On January 3, 2017, Deryck Rodgers, manager, Nolin River Lake, Bee Spring, Kentucky, contacted the Louisville District water quality team to report an ongoing biological event unlike anything previously observed at the lake. What originally appeared to be an oil slick turned out to be millions of tiny animals, scientifically categorized as zooplankton. The water quality team quickly engaged other water quality programs in the Great Lakes and Ohio River Division to determine if any sister districts were familiar with the type of bloom event described by the lake staff.
The Huntington District water quality team volunteered to assist in a field investigation. Louisville District biologists Jennifer Thomason and Zac Wolf organized the field investigation, coordinating with Huntington District water quality team members Steve Foster and Thaddeus Tuggle, as well as the Kentucky Division of Water (KDOW), U.S. Geological Survey Kentucky Science Center, U.S. Army Engineer Research and Development Center, Nolin River Lake Ranger Libby Watt, and BSA Environmental Services, Inc.
During the field investigation, biological, physical and limited chemical data were collected by the Louisville and Huntington water quality teams. USGS collected physical, nutrient and biological samples. Watt explained the conditions in which the bloom was first observed and the initial response efforts by the KDOW and Kentucky Environmental Response Team. Watt also provided the extent of the bloom, which KDOW identified as a type of water flea.
Biological samples were sent to BSA for full characterization. The results from this analysis and the resulting conclusions are what make this event a remarkable phenomenon. BSA determined that the sample was dominated by Daphnia lumholtzi, an invasive species that is native to Africa, Asia, and Australia and was only previously known to occur in the Cumberland River drainage in Kentucky. The overwhelming scientific documentation on this species in the U.S. states that the species prefers temperatures warmer than our native Daphnia species. So why was this invasive water flea blooming in a Green River Basin lake during winter?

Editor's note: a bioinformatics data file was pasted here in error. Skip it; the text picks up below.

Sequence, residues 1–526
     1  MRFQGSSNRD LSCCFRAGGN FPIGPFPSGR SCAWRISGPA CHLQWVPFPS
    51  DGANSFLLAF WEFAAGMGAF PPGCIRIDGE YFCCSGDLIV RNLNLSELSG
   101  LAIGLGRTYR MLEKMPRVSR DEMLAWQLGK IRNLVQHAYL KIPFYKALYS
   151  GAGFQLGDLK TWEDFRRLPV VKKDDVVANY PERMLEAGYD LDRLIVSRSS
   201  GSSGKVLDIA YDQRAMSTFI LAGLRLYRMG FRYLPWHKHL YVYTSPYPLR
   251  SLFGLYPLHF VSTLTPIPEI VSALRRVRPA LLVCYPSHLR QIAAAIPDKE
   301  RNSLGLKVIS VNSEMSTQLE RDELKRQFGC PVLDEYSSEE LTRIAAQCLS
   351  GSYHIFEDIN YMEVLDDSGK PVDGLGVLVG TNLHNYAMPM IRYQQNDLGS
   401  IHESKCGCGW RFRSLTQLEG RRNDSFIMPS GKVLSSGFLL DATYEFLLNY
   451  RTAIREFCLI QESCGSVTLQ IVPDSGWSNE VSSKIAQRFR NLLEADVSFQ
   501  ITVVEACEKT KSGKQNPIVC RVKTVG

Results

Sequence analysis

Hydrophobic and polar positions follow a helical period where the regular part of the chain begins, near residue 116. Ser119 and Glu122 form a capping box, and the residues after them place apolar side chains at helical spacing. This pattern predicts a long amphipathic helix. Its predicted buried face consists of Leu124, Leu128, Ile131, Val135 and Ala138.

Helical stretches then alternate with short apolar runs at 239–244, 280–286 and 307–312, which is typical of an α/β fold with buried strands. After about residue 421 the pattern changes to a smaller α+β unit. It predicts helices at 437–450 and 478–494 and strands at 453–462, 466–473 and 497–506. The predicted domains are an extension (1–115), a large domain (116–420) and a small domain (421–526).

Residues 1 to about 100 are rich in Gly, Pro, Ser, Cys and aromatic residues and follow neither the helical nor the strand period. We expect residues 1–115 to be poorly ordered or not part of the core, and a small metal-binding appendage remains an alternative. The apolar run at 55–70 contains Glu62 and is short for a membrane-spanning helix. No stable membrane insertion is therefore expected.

Initially it was thought that the bloom occurred in response to increased growth in algae—the primary food source—after a precipitation event. However, the short duration of the algae growth and cold temperatures would not likely have driven a bloom this size of D. lumholtzi. Further, this species typically has large spines from the head and tail during feeding blooms as a defense to becoming fish food. The organisms in the sample provided to BSA contained small spines and the females were carrying eggs, indicating that this was a reproductive bloom—not a feeding bloom. There are currently no indicators in the scientific literature or in the other data collected during the field investigation to determine why a large reproductive bloom of D. lumholtzi would occur in Nolin River Lake during winter.
The Louisville District water quality team has documented the occurrence in the district’s files and continues to investigate the available literature on the species to garner any additional details that may help to understand this event. Through inquiry with the experts at BSA there are no concerns that the species may affect water quality conditions at the lake and the species has not been documented to have adverse effects on the lake ecology. The bloom dissipated by January 5, 2017, and no other D. lumholtzi blooms have been reported since.